collects into a single volume the superbly crafted stories of Alistair MacLeod. In addition to their original appearances in North America's finest literary journals (and various reprints in Best American Stories
and other prestigious anthologies), all but two of the attentive, meditative stories filled the previous books The Lost Salt Gift of Blood
(1976) and As Birds Bring Forth the Sun
(1986). These two books were enough to gain MacLeod the admiration of readers in numerous languages and writers as diverse as Michael Ondaatje, Joyce Carol Oates, and Colm Tóibín.
With unseen, magician's fingers, MacLeod makes the craggy rocks and wave-slapped bays of rugged Cape Breton Island speak for themselves. As in "The Boat," in which the very walls of a house and the fixtures of a boat find voice and carry the story, the stories in Island sing in a choir of voices not exclusively human. Dogs, the lamps of isolated lighthouses, winding roads, and slabs of winter ice sing together in voices both regional and universal. The sternness of the landscape and the livelihoods of MacLeod's people inflect both the actions of his characters and the voice of their narration. In the tragic "As Birds Bring Forth the Sun," a "man with a Highland name who lived beside the sea" nurses an injured dog despite the protests of "the more practical members of his family, who had seen run-over dogs before, [who] suggested that her neck be broken by his strong hands or that he grasp her by the hind legs and swing her head against a rock." These are timeless, ageless stories not only because they will last alongside the similarly dense and striking stories of Chekhov or Carver, but also because in reading them we are ageless, simultaneously child, young lover, and aged hand. --Darryl Whetter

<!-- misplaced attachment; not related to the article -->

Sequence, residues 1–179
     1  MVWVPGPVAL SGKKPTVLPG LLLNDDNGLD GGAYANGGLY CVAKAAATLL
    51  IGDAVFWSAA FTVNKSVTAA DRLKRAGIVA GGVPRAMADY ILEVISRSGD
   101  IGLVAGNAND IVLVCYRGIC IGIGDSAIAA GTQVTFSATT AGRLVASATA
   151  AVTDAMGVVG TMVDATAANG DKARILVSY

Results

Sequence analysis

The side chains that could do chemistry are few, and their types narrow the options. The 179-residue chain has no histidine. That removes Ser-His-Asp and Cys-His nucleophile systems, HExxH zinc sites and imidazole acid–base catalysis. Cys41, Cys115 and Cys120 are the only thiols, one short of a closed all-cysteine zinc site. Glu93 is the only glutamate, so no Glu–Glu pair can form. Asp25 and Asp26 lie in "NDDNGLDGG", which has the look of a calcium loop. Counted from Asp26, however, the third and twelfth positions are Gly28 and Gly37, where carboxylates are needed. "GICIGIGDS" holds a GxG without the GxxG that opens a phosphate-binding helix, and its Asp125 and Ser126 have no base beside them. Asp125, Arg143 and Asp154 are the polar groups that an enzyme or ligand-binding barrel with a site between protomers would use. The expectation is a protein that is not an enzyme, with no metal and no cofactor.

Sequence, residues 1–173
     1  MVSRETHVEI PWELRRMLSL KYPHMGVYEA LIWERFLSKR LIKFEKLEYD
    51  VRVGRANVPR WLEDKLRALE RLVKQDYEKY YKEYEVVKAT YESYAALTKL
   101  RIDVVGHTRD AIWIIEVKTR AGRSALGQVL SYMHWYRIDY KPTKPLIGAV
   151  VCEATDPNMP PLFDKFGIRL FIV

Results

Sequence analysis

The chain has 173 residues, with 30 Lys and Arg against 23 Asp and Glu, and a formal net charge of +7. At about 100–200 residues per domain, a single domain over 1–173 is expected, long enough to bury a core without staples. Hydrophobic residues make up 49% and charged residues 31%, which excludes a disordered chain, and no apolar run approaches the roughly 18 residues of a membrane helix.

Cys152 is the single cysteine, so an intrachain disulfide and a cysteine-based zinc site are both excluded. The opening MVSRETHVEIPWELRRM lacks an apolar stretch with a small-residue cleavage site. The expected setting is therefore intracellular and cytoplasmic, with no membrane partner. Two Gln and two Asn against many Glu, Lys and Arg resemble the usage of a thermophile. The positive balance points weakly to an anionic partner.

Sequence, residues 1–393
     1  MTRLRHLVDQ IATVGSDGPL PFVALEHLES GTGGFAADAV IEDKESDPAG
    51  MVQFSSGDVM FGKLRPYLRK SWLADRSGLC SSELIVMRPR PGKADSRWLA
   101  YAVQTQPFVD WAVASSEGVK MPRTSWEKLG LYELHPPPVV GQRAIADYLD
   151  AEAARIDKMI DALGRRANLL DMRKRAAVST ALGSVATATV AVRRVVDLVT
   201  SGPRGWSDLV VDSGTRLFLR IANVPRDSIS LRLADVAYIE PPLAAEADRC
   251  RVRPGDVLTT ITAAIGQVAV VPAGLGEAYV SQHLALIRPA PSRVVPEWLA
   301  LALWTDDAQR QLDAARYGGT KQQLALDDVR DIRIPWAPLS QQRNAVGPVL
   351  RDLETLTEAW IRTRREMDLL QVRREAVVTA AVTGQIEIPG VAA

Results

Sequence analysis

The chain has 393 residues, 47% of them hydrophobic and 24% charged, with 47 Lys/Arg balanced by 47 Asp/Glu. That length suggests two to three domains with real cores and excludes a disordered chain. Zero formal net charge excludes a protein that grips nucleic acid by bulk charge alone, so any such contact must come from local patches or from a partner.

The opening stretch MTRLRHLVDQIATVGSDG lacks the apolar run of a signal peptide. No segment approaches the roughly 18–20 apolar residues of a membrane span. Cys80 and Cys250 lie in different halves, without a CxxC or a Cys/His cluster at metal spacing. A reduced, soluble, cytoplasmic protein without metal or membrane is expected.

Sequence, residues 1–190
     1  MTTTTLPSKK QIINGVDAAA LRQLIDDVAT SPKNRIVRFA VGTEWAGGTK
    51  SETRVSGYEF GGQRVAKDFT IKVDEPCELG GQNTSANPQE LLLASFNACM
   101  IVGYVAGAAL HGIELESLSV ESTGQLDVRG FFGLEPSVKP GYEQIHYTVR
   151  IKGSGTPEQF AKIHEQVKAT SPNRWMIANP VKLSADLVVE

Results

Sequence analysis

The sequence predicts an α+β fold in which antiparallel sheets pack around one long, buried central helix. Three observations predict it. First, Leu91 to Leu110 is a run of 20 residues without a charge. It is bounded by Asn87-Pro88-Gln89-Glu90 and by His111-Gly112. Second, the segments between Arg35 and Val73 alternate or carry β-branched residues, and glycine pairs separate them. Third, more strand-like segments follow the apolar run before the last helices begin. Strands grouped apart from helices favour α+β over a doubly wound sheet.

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From Library Journal
One of Canada's most important writers, MacLeod grew up in Cape Breton. Here he presents a powerful collection of short stories set on Canada's Eastern shore, where the traditions and Gaelic language of transplanted Scots continue in a harsh new world. All of these affecting, elegiac tales focus on the strong ties of loving kin, particularly the link between fathers and sons. Fathers share the experience of work with their sons, and boys puzzle over family events and tragedies and learn to be men in the close-knit communities. Sadly, as times change, fathers lose their sons, who become educated men and leave the land and sea for professions in the city. MacLeod's characters are deeply touching and memorable, and their simple lives are rich with loyalty and affection for their families and way of life. The sumptuous language, which immerses the reader in this stunning but unrelenting land, begs to be read aloud. A very special collection; recommended for all public libraries.DCathleen A. Towey, Port Washington P.L., NY
Copyright 2001 Reed Business Information, Inc.
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